I loved going to the game and having that experience. I reminded Rosemary that the Chiefs had won every game that we came to. She said she’d check the schedule for next year to see which one we need to help them win.

Ahhh, it’s nice to be part of the team.


Friday, November 25, 2005

Two Turkeys

Six years ago, I made two turkeys. One I popped into the oven. The other came out of the oven.

I started making the first turkey at 5 AM. I was awake most of the night, so I might as well have gotten the turkey out of the way. I cleaned, dried, buttered and spiced that turkey, finishing it by tying the drumsticks to each other and stringing the wings close to the bird. After plopping that turkey into the roasting pan, it was ready to go. This turkey was taken over to the grandparents' house and popped into the 250º oven at 7 AM, and a few hours later it was a succulent, juicy hit at the Thanksgiving table.

The second turkey took a little longer. A lot more care and consideration went into this baby bird. This was going to be a slow roasted deal. I was going to know and nurture this turkey from the beginning. I fed it some good veggies and some cookie dough and anything else that sounded good at the time. I gave it a nice warm house in which to live and I made sure that it never went without. That turkey kept getting bigger, getting to a very desirable, plump weight. It was going to turn out to be the best, most loved turkey ever made.

After baking it for 8 ½ months in some special juices, this turkey decided it was done. After some careful maneuvering, this turkey came out pink, perfect... and loud. This turkey turned out to be a wonderful, beautiful hit in the hospital.

My son was born on Thanksgiving Day. So you see… I made two wonderful turkeys that day. I only got to have the second one; the doctors wouldn’t let me have any of the first.

Happy Birthday, Jadon! You still are my favorite turkey!


I'm beginning to spend a lot on Christmas... (to the tune of Silver Bells)

I got up with Mr. Right at 4:15 AM to do a little early bird shopping the day after Thanksgiving. I should have set the coffee up for an early brew time, but it slipped my mind in all the excitement (from the thought of getting to crawl into bed). It should be a sin to have to get up that early and not have coffee. That's why Mr. Right was driving. His eyes were more opened than mine.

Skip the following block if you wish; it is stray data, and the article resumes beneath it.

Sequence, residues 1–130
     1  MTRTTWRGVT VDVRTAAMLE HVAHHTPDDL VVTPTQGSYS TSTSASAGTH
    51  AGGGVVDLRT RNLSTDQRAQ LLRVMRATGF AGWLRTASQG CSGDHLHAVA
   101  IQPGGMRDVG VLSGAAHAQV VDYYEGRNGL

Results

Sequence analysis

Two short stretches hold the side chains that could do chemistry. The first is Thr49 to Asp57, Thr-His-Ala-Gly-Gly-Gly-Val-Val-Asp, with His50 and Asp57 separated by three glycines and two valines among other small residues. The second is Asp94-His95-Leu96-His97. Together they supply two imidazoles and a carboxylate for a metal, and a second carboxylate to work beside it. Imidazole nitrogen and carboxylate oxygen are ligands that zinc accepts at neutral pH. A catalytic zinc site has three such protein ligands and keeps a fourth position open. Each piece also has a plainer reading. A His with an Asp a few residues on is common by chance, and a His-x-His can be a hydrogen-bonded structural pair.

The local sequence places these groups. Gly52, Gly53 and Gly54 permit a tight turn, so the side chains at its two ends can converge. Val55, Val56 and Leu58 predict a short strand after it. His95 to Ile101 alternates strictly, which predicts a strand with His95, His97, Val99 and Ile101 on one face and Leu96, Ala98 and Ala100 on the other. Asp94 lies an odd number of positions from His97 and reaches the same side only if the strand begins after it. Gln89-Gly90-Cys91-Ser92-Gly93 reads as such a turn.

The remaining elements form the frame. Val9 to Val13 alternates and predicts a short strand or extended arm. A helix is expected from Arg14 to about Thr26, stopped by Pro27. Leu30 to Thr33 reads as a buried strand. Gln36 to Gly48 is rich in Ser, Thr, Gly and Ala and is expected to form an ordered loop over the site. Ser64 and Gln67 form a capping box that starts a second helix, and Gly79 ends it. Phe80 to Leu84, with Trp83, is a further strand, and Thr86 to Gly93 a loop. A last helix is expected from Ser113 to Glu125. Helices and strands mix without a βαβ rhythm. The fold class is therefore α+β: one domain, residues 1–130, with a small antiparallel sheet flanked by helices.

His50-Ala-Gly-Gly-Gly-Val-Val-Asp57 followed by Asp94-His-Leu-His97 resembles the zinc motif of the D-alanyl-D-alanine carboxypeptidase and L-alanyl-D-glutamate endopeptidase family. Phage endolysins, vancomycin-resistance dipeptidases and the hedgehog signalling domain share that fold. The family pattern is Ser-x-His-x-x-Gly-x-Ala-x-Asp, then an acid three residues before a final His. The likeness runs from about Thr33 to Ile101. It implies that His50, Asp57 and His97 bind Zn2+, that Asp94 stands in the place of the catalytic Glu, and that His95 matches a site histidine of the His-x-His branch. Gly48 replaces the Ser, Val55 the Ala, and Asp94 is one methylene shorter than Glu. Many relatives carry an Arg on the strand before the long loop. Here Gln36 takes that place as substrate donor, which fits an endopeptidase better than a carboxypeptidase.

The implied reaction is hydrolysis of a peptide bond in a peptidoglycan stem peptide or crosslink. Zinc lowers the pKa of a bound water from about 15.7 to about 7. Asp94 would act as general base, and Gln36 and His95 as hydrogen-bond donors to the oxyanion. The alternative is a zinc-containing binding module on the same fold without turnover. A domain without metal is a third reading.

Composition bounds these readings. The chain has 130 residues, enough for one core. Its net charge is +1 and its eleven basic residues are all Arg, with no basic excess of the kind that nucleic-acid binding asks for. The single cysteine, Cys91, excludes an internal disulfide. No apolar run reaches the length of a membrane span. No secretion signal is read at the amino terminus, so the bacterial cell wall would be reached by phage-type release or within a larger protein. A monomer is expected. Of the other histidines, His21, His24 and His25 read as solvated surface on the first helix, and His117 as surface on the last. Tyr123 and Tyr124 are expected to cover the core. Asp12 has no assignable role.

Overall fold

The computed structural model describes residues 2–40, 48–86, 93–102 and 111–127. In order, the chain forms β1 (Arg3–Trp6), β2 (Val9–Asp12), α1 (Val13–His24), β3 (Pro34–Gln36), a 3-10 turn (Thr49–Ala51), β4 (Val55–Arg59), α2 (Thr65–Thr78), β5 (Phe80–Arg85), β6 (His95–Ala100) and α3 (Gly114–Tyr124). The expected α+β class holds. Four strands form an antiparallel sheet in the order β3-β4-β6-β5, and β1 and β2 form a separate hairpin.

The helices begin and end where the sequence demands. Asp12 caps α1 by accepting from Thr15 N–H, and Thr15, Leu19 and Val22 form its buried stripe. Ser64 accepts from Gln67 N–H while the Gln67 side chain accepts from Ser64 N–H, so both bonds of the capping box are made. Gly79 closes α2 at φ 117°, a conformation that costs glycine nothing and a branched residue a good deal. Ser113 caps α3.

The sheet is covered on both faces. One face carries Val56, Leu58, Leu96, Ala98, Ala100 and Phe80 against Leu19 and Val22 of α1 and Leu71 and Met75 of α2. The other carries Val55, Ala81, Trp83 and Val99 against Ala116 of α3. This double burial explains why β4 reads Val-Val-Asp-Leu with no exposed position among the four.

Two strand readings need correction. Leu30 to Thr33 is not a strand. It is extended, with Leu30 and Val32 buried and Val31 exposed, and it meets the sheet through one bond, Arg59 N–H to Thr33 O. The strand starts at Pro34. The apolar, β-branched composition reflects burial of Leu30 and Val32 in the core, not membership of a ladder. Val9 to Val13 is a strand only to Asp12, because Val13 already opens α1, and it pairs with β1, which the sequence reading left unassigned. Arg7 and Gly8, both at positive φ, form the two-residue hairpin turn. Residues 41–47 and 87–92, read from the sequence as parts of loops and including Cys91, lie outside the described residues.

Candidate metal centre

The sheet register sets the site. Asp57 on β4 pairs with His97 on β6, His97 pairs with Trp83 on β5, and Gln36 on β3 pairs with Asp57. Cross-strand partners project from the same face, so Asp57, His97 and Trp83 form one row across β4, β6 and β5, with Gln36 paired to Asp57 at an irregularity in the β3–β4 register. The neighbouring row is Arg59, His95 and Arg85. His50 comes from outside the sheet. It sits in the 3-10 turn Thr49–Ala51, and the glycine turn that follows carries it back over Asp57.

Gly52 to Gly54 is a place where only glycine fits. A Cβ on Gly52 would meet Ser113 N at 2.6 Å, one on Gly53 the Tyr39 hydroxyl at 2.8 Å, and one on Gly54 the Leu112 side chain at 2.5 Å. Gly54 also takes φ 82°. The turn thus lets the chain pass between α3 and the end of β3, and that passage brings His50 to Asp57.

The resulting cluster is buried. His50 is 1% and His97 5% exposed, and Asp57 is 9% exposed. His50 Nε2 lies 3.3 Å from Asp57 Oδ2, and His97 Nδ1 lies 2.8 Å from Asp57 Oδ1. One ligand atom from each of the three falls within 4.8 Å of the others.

I'm glad we got to Super Walmart when we did. There was a cue forming around the electronics department as we walked in at 4:25 AM. I guess others had the same thing in mind as us.

There is something about getting out early with others that early in the morning that leads to great bonding moments. Bed heads, early morning breath, three-inch glasses rather than invisible contacts... Seeing others in such a state made us all part of the same club. We all saw each others' worst state, and yet, we laughed, talked and helped each other out. You can make some pretty good friends at 4 something in the morning...

After exchanging email addresses and promising to keep in touch, we made it through the 5 AM rush to get our kids' Christmas presents. Not a bad ordeal at all... completing most Christmas shopping before December... Priceless... except for the no coffee part. That still sucked.

We tried to find a place with good coffee afterwards, but since we were in a town that you would miss if you blinked while driving through it, we couldn't find anything. Going back to bed was probably a wiser move on out part. So we did.

I can always make coffee at a more reasonable hour...


Thursday, November 24, 2005

We Will Be Eating Turkey Long into 2006...

I love going to my in-laws for any holiday. I am guaranteed to have more dishes than is humanly possible to eat from which to select my plate of food. My mother-in-awe can never decide what to make, so we make everything. If you can't find something to eat on the over-burdened tables, then you don't deserve to eat!

This pics don't even include the stuffing, rolls, dressing and green bean casserole that we brought out later!

The middle photo is every daughter-in-law's dream. My mother-in-awe is bowing to my cooking expertise. Ahhh, life can't get better than this!

We should have invited the entire town over to eat with us. We would only have had two days of left overs, then.

Despite my jiving, we had an awesome feast. Boy, am I thankful that I know how to eat and have such wonderful people with whom to share this holiday.


Count Your Many Blessings... (I love that song.)

I cannot thank God enough for all the gifts he gives to me. His blessings are endless and His love is immeasurable. But I shall attempt to name a few.

I have a husband who loves me know matter how many mistakes I make and, trust me, there are many. As an extra bonus, he brings me coffee in bed almost every morning. That, coupled with the fact that he does the vacuuming, are reasons enough to never complain about him again (but I know I will).